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Rod's Reply: Commentary on Adam's "Thin Veneer..."

Rod Hunsicker

Note from Tangor:

I originally included Rod's Essay at Tangor Responds since there was not (at the time) an appropriate place for it to appear at Since then ERBmania! came into being and I should move it there.... but that might break a search engine somewhere, so here it stays.


Tangor's two essays (Tarzan at the Movies and Balancing Tarzan were pretty much on target. Watching "Tarzan and the She-Devil" recently, I was reacquainted with the falsehood of Lex Barker's Tarzan (though I'm sure he was a victim of directorship and writing). ERB's Tarzan wouldn't just give up without even searching for Jane. If Tarzan ever gave up it was a retreat into amnesia. It was, however, a good jungle man movie, and I still enjoyed watching it.

Adam's essay was more disturbing. I recognized London almost immediately, since I have read a number of his books, enjoying his standard portrayal of a super being unable to achieve satisfaction in life because of that super being's inability to relate to the rest of humanity on a social/romantic level. This is not the same theme that underlines most of ERB's work. The two authors are very different in their method of writing and the message they present to their readers.

I find no parallel for Tarzan in London's work. At least not that I have read, or can remember reading. There might be a parallel between White Fang and the Mucker. Here the stories are somewhat similar, though London chose a dog as his protagonist. I always believed that he did this to accentuate the concept of the divinity of love, since the human master that he grew to love at the end of the book was more of a god to him than a woman. I always thought that this was a hint to London's concept of love and its place with men.

I am not a scholar. I haven't read all of London's books, though I dare say, I've read most of ERB's. London is much darker than ERB. I enjoyed "Moonface" and nearly considered the man who plotted the death of this smiling character to be the 'hero' of the tale. I don't think that the bitter irony I had enjoyed in this London short story can be found in great quantity in ERB. However, I have a faulty memory, and some of ERB's books I haven't read since I was a kid.

In any case, I'm not sure that Tarzan was a true savage. Eating raw meat, shucking off one's trousers, and killing one's enemies might not be true criteria for savagery. Was Tarzan wild and untamed? Certainly, by forces outside himself. Tarzan was self contained, in control, so in a sense he was self domesticated. Many of London's supermen were lacking in the quality. Too much materialism vs socialism in London's themes.

Did Tarzan live under primitive human conditions? Certainly, though he never suffered from them. No disease, injury or starvation stunted the enjoyment of his life, except on a temporary basis.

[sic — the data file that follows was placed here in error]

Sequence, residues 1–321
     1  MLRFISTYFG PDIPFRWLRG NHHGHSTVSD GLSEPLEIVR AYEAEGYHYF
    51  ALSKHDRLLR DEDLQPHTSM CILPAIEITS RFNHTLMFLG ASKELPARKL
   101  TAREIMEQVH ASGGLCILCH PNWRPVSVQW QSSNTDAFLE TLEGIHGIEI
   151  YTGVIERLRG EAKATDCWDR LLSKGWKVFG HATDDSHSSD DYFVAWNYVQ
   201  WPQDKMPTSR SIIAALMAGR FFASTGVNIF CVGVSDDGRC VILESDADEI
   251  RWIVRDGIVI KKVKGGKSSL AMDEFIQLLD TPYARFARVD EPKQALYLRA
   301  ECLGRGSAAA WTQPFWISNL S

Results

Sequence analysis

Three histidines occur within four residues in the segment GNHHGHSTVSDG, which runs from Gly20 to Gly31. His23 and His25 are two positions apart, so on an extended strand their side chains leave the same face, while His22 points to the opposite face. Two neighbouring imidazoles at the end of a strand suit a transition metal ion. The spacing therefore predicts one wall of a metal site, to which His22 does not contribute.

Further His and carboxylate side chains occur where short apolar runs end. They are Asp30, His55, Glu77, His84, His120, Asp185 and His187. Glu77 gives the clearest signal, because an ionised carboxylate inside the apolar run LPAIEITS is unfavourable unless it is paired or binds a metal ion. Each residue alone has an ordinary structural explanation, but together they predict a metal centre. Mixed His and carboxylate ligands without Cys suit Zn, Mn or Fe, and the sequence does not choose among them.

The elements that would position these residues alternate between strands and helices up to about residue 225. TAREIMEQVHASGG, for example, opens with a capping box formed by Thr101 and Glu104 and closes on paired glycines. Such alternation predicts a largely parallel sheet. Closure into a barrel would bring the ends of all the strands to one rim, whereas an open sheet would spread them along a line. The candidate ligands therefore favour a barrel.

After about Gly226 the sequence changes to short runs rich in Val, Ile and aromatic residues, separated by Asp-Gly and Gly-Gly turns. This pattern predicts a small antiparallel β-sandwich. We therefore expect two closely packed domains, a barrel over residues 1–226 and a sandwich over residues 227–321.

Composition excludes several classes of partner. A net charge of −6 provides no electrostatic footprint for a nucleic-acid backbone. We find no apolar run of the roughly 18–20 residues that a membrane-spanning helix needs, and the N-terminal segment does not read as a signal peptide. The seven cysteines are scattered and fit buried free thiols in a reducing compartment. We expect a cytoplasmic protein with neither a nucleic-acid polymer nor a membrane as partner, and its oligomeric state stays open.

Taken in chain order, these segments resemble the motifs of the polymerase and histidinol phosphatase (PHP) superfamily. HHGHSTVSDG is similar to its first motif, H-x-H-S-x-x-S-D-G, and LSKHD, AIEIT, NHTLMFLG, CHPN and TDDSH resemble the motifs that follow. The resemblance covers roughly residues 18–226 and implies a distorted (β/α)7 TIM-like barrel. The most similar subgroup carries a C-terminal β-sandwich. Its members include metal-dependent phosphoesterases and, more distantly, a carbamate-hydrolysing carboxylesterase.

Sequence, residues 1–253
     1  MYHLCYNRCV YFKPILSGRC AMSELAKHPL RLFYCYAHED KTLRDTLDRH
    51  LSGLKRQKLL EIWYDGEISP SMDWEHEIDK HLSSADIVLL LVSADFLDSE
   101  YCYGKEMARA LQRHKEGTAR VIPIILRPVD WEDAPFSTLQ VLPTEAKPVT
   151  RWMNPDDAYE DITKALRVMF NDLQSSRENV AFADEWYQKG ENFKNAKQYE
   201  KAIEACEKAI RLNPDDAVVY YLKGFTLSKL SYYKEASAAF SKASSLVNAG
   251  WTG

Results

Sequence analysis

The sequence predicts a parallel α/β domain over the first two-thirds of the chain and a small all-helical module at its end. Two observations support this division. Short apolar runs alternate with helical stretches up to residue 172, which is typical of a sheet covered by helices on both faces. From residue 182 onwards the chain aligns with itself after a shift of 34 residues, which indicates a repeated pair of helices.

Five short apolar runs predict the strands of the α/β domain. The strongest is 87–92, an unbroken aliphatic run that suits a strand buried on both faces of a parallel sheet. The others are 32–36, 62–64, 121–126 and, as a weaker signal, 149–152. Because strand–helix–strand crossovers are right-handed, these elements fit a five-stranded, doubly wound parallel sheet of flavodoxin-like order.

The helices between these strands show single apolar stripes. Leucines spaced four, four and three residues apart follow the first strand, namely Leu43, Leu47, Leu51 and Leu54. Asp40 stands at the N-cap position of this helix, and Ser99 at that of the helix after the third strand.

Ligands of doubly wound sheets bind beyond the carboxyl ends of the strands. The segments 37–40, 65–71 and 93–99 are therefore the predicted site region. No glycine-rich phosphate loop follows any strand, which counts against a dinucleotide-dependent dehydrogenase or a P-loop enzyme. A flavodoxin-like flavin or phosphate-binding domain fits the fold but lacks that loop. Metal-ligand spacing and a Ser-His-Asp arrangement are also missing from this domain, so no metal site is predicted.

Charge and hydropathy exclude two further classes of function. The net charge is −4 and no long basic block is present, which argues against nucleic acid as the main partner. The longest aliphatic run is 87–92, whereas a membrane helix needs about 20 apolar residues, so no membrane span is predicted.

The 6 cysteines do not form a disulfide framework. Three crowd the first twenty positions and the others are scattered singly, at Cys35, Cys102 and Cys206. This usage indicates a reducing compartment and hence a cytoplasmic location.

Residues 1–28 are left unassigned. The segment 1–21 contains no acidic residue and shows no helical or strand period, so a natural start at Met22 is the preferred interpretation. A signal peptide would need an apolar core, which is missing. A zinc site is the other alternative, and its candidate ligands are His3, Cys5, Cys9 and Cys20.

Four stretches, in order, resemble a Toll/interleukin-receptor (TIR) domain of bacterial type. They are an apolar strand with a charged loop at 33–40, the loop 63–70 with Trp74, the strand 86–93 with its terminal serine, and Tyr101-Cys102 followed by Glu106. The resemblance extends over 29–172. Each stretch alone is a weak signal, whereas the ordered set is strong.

Was Tarzan ferocious, fierce? Only when fighting, and this can be said (and should be said) of any fighter. Tarzan had to fight, so he had to hurt his opponent. He had to be committed to the dominance and destruction of whatever opponent he faced. Fighting is savage. I know. And 'civilized' men do plenty of it!

Was Tarzan vicious, cruel or furious? I don't think so. Actually, he was rather moderate when it came to emotions. A rather deep thinker rather than deep emoter. IMHO. And if Tarzan was upset when matters of Jane came to a troubled head, then he was no different than any other red blooded man. No man has ever manhandled my wife.

Finally, was Tarzan uncivilized? At first one is tempted to cry, "Yes!" I don't think that would be correct, though. Tarzan was civil. One great test of this was the easy way he got along with groups of people. Any group of people! He acted properly within the group he was currently staying. At the same time he managed to remain true to himself. If this isn't civilized, and at a rather high order I might say, then I don't know what is. The fact that he often wanted to get away and do "his own thing" is not a measure of savagery, its a measure of individuality. Civilization is getting together and doing good things for everyone. Tarzan did this often. ERB painted a picture of reluctance for Tarzan, but that was part of his ingenious way of endearing his superman to his readers. Tarzan helped people whether he wanted to or not. He was dependable despite his N'Kimalike protests.

Can the same be said of Wolf Larsen? I think not. That guy was truly savage.

Well, I printed out Adams's essay for deeper study. Often I fail to understand Nkima's messages. Like I said, I'm no scholar, and my head hurts when I try to follow the thoughts of those who are. I'm probably way off target in my comments, but I enjoyed reading and thinking about the essay.